Awards Tracker

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Category: Christopher Nolan

Golden Globes: Nolan sees lighter side of Bale

Christian bale

Surprised to see Christian Bale in humor mode? Many people in the room were, but Bale's Batman collaborator, "The Dark Knight" director Christopher Nolan, says he's seen the sly and winking side to the Welsh thespian before he ever spent time with him in Gotham City.

"Go back and watch 'American Psycho' and you see it, there's a lot of humor there. I went back and watched that film before I cast him [as Batman] and I was surprised at how much humor there was behind the performance. Now it's very dark humor, of course, but you do see it."

-- Geoff Boucher

Photo: Christian Bale celebrates backstage. Credit: Brian van der Brug / Los Angeles Times

Golden Globe predictions: 'King's Speech' or 'Social Network' to reign?

Golden_globe_set_2008Predicting the Golden Globes is hard because the awards are bestowed by such a quirky group of foreign journalists with unusual tastes. But let's try it anyway. First the film categories.

-- Tom O'Neil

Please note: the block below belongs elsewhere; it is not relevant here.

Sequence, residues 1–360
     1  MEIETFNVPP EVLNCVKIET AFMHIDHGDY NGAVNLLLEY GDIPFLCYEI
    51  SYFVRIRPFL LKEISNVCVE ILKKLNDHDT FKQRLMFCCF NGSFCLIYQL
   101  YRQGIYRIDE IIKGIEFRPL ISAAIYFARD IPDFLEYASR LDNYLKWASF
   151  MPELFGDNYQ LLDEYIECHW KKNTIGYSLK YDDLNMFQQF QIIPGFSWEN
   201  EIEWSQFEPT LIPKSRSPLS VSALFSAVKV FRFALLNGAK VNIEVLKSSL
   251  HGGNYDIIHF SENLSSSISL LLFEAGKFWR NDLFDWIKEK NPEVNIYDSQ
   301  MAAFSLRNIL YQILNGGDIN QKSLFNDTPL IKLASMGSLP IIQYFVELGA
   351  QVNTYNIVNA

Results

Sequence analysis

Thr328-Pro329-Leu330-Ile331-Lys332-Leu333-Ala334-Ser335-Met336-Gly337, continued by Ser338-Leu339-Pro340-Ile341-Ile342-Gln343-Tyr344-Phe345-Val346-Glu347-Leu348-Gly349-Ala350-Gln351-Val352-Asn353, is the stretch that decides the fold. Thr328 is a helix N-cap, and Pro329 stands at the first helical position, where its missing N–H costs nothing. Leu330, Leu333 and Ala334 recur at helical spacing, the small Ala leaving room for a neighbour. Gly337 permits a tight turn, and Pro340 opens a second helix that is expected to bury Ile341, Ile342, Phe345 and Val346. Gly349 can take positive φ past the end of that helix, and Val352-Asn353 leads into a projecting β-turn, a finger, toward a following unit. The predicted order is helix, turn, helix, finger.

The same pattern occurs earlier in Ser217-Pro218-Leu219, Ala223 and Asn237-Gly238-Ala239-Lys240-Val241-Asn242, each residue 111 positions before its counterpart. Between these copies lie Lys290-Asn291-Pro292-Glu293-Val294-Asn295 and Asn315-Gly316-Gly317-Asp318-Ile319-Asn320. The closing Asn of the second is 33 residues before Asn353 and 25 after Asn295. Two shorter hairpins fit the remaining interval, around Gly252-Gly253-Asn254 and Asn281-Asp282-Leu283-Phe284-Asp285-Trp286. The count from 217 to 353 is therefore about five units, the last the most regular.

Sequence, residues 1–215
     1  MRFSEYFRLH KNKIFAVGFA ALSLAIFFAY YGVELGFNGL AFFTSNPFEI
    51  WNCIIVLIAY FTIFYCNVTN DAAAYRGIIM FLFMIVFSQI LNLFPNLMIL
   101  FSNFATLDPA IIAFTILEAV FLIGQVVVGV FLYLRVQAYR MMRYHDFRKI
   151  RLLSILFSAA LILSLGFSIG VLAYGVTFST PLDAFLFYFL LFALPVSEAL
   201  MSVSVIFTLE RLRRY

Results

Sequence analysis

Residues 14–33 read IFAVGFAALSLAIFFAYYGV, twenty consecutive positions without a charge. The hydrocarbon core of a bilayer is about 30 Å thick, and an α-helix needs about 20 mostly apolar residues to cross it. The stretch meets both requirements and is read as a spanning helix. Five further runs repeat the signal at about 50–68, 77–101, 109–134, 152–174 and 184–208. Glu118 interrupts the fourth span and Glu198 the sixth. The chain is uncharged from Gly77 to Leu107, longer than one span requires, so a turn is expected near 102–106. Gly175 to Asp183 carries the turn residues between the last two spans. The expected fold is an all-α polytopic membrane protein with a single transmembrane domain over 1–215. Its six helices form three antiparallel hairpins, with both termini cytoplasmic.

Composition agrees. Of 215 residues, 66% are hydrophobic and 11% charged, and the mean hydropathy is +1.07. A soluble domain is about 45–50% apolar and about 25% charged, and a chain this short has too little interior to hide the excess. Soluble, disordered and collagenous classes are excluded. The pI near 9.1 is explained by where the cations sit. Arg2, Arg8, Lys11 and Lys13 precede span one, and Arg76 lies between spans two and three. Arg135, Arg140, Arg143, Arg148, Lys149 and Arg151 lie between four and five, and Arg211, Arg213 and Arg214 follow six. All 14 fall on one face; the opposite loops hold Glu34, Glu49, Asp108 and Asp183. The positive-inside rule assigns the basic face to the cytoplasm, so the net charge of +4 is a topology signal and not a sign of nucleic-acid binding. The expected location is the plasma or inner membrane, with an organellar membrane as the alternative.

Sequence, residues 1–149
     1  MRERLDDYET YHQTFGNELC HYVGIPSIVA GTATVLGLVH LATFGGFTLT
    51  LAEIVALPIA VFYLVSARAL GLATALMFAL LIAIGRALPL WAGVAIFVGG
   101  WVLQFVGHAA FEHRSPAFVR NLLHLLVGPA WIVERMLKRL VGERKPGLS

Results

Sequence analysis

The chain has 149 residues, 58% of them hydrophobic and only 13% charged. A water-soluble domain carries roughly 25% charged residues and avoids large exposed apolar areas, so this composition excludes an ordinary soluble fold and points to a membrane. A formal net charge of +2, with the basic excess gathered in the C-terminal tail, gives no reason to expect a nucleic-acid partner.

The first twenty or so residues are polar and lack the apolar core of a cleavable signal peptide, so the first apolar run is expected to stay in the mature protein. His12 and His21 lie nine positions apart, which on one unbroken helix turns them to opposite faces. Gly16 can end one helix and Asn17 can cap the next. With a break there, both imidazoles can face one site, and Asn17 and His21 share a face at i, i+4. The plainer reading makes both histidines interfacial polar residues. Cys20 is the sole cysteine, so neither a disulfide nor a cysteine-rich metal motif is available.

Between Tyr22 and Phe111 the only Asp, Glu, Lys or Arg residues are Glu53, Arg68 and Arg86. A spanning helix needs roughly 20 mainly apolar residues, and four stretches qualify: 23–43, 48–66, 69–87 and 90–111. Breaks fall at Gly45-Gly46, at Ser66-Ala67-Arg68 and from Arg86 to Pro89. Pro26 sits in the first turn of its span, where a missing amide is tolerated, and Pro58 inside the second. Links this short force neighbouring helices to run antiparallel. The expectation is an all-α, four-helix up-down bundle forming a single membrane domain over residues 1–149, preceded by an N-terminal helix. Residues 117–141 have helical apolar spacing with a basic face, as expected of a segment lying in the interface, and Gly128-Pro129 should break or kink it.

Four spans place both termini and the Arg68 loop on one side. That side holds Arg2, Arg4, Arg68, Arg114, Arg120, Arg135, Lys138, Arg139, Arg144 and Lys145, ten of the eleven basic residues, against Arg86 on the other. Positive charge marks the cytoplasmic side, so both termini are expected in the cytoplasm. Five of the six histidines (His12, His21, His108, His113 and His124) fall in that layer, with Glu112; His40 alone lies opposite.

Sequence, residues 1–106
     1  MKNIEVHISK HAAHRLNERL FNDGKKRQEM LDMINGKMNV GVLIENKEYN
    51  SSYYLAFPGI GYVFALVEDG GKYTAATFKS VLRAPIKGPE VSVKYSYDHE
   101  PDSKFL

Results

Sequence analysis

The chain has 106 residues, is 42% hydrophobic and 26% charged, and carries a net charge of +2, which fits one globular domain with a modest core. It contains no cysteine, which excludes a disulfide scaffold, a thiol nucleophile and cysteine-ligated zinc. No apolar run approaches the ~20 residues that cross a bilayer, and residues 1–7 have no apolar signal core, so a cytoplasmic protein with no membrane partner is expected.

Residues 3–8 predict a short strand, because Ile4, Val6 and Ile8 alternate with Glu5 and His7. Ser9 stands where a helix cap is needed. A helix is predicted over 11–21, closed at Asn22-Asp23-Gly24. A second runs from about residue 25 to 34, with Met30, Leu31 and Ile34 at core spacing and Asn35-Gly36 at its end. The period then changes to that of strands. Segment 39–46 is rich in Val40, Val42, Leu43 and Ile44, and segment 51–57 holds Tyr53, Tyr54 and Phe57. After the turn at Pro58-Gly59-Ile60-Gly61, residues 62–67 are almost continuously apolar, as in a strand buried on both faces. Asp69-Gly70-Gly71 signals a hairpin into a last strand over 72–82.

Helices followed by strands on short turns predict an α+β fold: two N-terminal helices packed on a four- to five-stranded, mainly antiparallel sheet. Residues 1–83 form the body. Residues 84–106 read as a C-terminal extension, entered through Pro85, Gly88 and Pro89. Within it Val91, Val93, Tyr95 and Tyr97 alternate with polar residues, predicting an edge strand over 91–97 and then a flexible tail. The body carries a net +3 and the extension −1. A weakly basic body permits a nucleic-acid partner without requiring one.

X = predicted winner

"Black Swan"
"The Fighter"
"The King's Speech"
X - "The Social Network"

PREDICTION: This is a close contest between "King's Speech" and "Social Network." Members of the Hollywood Foreign Press Assn. often like foreign-set films, especially when they involve the British aristocracy, as evidenced by past victories here by "Atonement," "The English Patient" and "Sense and Sensibility." But sometimes the foreigners strive to do the opposite – to prove how in tune they  are with hip Yankee fare such as "Avatar" last year – and "Social Network" this year? I think so, yes.

"Alice in Wonderland"
X - "The Kids Are All Right"
"The Tourist"

PREDICTION: "Kids" is the only movie on this list that has any hope of an Oscar nomination for best picture, so it'll probably prevail. But is it really a comedy?

Darren Aronofsky, "Black Swan"
X - David Fincher, "Social Network"
Tom Hooper, "The King's Speech"
Christopher Nolan, "Inception"
David O. Russell, "The Fighter"

PREDICTION: Unlike Oscar voters, Globe voters often spread the wealth and reward helmers of films that don't win best picture. But I don't think that's going to happen this year.

Jesse Eisenberg, "The Social Network"
X - Colin Firth, "The King's Speech"
James Franco, "127 Hours"
Ryan Gosling, "Blue Valentine"
Mark Wahlberg, "The Fighter"

PREDICTION: Firth hasn't lost a single award yet this season – and he's not going to lose this one, or any other, en route to the Oscar crown.